Woman Blakers, Margaret

Occupation
Environmentalist and Political adviser

Written by Judy Lambert (edited from blogs prepared by Jane Elix), Australian National University

Margaret Blakers was born in Melbourne in 1951, the older sister to three brothers. She moved to Canberra with her family late in her primary school years, but describes her experience of high school as 'dysfunctional and boring'. After reading Rachel Carson's Silent Spring she determined to work on environmental issues. Studying at Australia's National University (1969-1972), she completed all the ecology units available but didn't identify at that time as a 'real' activist.

A scarcity of environmental jobs led Margaret to join the Pesticides section of the Department of Primary Industries. In 1973 a 'reprieve' saw her seconded to the Secretariat of the Committee of Inquiry into the National Estate, working alongside Commissioners Judith Wright, Len Webb, David Yencken and others. After a year working in Germany and another touring Australia, Margaret worked in the Wheat Branch at the Department of Primary Industries. She also became involved in forestry issues and in establishing an Ecological Studies Association. For seven years from 1976, Margaret organised the Atlas of Australian Birds, a Melbourne-based job in which she developed her networking skills.

From 1984 Margaret spent 12 years working on environmental campaigns, including coordination of the environment movement's response to the Victorian Timber Industry Inquiry. In 1992, recognising the need for a political party to complement groups defending the environment, she collaborated with Janet Rice to set up the Victorian Greens. Under Margaret's organisational guidance, the Victorian Greens advanced environmental policy development, contributing to the nascent Australian Greens. Over the next 10 years, Margaret worked as adviser to Senator Bob Brown, taking leave in 2000-2001 to organise the first Global Greens Congress, on which she worked closely with Christine Milne and Louise Crossley. In 2008, while caring for an ailing parent, Margaret established the Green Institute, an Australian Greens policy think tank of which she continues as Director.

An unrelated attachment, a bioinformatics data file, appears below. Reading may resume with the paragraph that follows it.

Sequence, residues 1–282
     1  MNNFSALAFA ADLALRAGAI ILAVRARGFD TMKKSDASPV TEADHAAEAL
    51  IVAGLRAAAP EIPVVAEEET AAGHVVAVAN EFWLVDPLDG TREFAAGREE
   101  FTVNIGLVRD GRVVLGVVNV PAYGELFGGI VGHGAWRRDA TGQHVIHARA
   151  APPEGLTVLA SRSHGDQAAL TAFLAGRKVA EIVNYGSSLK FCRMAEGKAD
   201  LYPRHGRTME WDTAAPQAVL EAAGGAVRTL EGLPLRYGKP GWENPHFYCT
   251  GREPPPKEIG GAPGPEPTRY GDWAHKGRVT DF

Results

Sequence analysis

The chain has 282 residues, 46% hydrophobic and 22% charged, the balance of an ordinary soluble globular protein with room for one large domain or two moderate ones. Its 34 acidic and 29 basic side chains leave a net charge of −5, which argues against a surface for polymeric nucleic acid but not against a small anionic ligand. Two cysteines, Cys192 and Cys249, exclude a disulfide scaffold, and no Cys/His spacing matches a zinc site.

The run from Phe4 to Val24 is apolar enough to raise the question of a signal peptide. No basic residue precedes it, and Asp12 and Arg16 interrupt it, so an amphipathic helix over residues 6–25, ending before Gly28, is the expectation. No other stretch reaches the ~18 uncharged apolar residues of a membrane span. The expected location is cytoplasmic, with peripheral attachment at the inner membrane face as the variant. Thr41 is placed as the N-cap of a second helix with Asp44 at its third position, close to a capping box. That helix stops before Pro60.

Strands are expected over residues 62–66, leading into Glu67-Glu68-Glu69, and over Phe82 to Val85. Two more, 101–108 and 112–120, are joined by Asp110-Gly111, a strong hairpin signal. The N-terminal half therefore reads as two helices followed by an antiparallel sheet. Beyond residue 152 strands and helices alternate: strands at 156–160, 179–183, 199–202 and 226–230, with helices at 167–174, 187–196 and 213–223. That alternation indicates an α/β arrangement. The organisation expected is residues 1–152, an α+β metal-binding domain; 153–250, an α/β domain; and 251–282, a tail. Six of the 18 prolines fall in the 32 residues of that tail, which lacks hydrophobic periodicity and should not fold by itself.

Whilst not identifying a role model, Margaret admires former Australian Greens leaders Bob Brown and Christine Milne, and Queensland Aboriginal activist Cheryl Buchanan. She describes her leadership roles as 'one of those things that has to be done' and is impatient when 'other people can't see how obvious it is that this needs to be done, and therefore let's do it'. With neither children nor a partner, Margaret sees herself as 'extraordinarily lucky' to be able to 'make decisions, choose to forego income or whatever'. She observes that within the environment movement 'women are prepared to put up with a lot more...Men are more prepared to demand their rights - pay and conditions for example- than women, particularly women of my generation'. 'Men are prepared to put themselves in the front row of representing the group or being recognised. And that's society's expectation too. I think it's very deeply embedded - still'. (http://janeelix.wordpress.com/2011/07/27/margaret_blakers/).

Published Resources

Magazines

  • The Global Greens, The Australian Greens & The Green Institute, 2001. Details

Online Resources

See also